- Each State shall adopt such legislative, administrative and other steps as may be necessary to ensure that the rights and freedoms referred to in the present Declaration are effectively guaranteed.
A quick word about the companies who develop and sell surveillance and filtering software and thereby help oppressive regimes develop their infrastructure. Defenders and human rights organizations have for years accused Cisco and other Western corporations of actively assisting China in developing censorship and surveillance systems. For example, Amnesty International, Human Rights Watch, and Reporters sans frontières have consistently highlighted the issues of corporate responsibility and Internet freedom raised by China’s use of Western technologies. These groups allege that Western corporations have facilitated the construction of China’s censorship and surveillance infrastructure, and that they may even be involved in the system’s ongoing maintenance and operations.92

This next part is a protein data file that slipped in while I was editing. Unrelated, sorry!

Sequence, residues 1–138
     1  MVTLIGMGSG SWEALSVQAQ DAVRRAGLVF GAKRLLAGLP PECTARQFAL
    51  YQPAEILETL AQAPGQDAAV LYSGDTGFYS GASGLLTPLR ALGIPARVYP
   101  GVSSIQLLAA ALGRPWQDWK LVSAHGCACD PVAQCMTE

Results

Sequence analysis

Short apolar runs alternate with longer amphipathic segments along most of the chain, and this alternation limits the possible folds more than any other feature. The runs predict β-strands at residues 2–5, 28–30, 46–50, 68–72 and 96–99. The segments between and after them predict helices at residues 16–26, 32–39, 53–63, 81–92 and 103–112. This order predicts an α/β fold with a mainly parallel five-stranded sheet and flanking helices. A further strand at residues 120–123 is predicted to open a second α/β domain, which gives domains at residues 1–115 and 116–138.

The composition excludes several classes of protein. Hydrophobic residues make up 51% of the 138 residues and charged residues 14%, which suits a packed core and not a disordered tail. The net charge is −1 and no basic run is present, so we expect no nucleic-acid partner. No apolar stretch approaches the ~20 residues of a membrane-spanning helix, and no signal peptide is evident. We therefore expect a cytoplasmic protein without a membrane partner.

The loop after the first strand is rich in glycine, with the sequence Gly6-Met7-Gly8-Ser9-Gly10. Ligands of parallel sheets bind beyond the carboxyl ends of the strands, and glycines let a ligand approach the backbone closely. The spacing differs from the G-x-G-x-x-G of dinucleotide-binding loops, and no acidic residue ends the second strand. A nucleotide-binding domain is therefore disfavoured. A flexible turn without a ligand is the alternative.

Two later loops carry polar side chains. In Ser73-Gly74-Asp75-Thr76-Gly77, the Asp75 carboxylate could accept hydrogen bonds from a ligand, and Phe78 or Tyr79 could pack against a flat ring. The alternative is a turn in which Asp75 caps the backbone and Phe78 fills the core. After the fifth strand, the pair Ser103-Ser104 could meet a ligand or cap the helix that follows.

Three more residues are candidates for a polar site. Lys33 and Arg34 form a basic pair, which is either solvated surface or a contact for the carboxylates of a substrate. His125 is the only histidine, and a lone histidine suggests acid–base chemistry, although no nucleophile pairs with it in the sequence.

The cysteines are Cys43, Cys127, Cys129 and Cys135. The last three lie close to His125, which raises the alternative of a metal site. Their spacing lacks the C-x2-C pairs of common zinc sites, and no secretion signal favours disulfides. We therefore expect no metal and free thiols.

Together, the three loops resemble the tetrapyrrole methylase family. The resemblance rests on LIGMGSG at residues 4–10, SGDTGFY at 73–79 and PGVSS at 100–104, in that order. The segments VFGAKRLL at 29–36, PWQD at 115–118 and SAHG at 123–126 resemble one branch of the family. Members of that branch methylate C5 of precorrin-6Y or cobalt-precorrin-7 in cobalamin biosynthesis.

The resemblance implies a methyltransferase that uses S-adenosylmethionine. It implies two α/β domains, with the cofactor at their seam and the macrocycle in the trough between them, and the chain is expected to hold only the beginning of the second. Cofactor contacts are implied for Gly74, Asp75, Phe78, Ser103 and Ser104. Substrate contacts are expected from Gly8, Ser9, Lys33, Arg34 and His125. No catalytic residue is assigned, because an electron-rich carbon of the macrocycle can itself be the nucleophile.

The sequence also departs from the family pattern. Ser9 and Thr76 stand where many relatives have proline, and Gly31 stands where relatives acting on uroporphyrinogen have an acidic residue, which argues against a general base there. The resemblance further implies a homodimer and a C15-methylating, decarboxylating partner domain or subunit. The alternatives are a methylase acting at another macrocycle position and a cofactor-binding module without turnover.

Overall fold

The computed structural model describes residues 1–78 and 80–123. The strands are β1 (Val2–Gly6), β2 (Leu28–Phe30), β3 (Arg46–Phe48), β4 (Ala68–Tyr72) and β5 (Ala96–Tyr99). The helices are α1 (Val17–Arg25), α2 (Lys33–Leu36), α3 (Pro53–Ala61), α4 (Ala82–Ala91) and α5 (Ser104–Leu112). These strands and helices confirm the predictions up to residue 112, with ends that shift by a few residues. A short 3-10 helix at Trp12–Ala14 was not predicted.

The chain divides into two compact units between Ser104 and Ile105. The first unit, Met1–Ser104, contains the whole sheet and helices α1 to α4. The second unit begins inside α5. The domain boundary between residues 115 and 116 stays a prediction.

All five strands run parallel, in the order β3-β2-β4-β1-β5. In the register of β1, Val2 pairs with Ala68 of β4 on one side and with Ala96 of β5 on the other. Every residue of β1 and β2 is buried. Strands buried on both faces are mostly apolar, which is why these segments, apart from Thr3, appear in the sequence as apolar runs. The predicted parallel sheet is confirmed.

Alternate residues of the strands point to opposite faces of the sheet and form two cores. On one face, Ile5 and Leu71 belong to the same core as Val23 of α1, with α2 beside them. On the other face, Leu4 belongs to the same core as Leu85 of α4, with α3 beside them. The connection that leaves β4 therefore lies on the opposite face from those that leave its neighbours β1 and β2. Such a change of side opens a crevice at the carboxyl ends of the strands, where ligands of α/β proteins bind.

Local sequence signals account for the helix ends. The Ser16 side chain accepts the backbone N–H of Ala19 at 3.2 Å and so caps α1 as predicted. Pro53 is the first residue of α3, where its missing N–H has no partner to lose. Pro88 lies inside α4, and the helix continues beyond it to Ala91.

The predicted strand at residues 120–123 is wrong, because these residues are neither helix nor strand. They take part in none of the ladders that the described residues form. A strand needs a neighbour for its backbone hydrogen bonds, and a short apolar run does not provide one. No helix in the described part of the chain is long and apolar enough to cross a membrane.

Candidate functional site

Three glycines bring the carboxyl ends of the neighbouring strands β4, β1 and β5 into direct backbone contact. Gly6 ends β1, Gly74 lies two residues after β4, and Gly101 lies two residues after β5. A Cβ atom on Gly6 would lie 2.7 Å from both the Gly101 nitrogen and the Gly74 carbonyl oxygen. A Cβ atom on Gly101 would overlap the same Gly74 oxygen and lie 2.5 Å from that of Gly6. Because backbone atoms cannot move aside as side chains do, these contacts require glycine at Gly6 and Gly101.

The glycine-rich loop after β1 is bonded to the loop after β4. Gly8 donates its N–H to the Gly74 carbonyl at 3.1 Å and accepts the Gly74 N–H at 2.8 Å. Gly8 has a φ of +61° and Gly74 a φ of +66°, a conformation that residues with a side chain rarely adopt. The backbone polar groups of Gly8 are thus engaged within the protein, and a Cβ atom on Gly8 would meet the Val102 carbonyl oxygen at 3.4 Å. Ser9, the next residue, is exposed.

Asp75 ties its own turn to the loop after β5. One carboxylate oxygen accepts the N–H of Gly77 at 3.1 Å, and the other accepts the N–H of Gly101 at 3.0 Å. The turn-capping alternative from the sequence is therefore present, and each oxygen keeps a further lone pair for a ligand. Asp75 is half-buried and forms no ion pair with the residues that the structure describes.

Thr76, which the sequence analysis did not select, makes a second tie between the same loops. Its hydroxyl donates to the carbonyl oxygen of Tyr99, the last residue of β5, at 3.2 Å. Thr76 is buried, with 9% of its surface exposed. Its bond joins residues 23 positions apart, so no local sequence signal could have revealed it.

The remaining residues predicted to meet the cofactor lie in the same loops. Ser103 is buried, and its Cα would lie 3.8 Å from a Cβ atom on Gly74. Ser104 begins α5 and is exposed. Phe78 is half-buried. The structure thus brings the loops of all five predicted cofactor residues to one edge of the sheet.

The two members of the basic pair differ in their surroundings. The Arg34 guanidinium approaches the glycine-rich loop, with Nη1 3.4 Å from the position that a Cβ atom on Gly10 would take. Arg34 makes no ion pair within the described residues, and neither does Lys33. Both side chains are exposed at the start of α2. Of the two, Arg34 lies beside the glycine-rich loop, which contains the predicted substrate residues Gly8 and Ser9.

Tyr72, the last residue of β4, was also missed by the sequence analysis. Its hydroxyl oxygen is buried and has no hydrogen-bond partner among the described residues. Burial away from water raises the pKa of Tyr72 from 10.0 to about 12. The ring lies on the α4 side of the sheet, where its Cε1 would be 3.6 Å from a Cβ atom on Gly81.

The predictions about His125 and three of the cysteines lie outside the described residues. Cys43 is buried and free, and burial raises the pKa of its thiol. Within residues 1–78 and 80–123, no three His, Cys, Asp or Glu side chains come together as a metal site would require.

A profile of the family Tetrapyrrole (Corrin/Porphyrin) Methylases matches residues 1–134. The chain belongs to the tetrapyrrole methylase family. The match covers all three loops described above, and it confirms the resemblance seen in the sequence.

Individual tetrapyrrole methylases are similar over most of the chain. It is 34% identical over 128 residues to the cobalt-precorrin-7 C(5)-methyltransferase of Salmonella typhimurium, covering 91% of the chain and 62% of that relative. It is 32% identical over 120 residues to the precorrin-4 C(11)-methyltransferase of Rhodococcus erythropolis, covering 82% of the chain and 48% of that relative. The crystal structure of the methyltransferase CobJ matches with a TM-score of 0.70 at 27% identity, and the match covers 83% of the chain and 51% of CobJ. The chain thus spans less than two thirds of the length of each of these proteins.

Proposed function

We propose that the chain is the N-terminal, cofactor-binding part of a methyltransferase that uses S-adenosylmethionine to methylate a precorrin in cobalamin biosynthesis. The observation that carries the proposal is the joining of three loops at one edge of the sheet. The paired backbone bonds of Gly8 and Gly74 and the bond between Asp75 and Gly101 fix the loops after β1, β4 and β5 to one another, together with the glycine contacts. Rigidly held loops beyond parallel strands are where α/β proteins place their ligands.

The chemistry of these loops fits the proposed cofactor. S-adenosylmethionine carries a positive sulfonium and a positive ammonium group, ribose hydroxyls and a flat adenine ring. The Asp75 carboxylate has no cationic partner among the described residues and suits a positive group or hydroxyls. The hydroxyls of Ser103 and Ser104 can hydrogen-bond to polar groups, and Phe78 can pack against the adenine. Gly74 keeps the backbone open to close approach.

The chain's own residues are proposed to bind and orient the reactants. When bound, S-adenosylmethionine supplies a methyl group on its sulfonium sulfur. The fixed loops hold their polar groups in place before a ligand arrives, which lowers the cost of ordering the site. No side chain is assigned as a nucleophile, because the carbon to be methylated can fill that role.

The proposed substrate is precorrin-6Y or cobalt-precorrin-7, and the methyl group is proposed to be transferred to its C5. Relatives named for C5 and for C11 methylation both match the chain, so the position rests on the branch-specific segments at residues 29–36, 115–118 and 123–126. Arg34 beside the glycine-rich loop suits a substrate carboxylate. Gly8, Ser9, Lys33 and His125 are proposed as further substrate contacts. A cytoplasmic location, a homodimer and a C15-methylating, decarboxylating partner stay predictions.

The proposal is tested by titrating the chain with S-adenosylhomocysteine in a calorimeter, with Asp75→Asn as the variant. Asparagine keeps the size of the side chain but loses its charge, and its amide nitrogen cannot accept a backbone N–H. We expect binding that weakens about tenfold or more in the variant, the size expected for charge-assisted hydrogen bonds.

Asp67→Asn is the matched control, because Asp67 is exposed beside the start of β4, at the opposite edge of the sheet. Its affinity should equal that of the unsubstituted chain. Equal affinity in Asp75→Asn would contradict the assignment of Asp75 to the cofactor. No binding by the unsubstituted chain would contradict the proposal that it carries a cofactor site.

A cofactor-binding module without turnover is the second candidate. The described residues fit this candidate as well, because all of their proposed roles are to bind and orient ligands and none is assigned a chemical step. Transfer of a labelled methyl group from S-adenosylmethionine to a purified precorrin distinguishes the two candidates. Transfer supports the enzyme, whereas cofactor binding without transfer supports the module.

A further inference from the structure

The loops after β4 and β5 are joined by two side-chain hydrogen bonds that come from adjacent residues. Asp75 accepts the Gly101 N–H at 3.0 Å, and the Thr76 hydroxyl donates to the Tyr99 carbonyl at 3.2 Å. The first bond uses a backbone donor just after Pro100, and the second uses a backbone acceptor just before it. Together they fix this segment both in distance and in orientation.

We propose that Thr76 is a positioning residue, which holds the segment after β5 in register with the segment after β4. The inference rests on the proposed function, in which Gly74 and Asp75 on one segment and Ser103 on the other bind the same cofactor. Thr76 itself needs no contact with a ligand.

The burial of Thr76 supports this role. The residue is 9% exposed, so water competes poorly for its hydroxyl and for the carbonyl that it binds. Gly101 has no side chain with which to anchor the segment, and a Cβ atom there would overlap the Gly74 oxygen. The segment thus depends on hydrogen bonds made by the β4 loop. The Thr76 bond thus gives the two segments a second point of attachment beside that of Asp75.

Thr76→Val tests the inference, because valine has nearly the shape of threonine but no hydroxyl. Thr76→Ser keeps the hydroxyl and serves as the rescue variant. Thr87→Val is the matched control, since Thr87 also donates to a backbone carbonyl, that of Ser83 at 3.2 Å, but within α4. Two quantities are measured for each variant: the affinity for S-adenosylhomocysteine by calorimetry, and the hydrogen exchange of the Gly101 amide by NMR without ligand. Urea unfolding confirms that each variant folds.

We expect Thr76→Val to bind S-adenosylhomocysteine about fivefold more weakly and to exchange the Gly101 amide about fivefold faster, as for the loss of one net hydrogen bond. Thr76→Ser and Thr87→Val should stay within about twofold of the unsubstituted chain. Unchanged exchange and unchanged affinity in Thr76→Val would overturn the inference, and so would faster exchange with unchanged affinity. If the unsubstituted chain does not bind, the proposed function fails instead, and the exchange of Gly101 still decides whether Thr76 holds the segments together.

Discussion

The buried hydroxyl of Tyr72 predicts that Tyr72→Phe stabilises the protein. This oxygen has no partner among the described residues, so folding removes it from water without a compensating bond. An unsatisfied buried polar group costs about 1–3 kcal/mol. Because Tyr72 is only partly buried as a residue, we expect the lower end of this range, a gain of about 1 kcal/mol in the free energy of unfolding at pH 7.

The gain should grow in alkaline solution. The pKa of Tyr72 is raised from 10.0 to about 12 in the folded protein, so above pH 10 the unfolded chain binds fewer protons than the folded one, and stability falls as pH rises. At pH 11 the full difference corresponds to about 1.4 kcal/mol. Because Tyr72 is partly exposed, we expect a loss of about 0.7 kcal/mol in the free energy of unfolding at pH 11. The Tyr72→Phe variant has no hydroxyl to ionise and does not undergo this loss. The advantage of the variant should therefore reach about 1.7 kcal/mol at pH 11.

The majority of filtering software manufacturers also originate from the United States. These include companies like SecureComputing, Websense, Fortinet... Their software contains predefined categories of Internet content and allows the operator to add additional sites at their discretion. There is a need for international agreements and commitments that would forbid anyone to sell a product which will be used to restrict another person’s rights. States that have shown systematic abuse of the UDHR should be denied access to filtering software developed in other countries.
Click for 'Internet Filtering Map' by the OpenNet Initiative.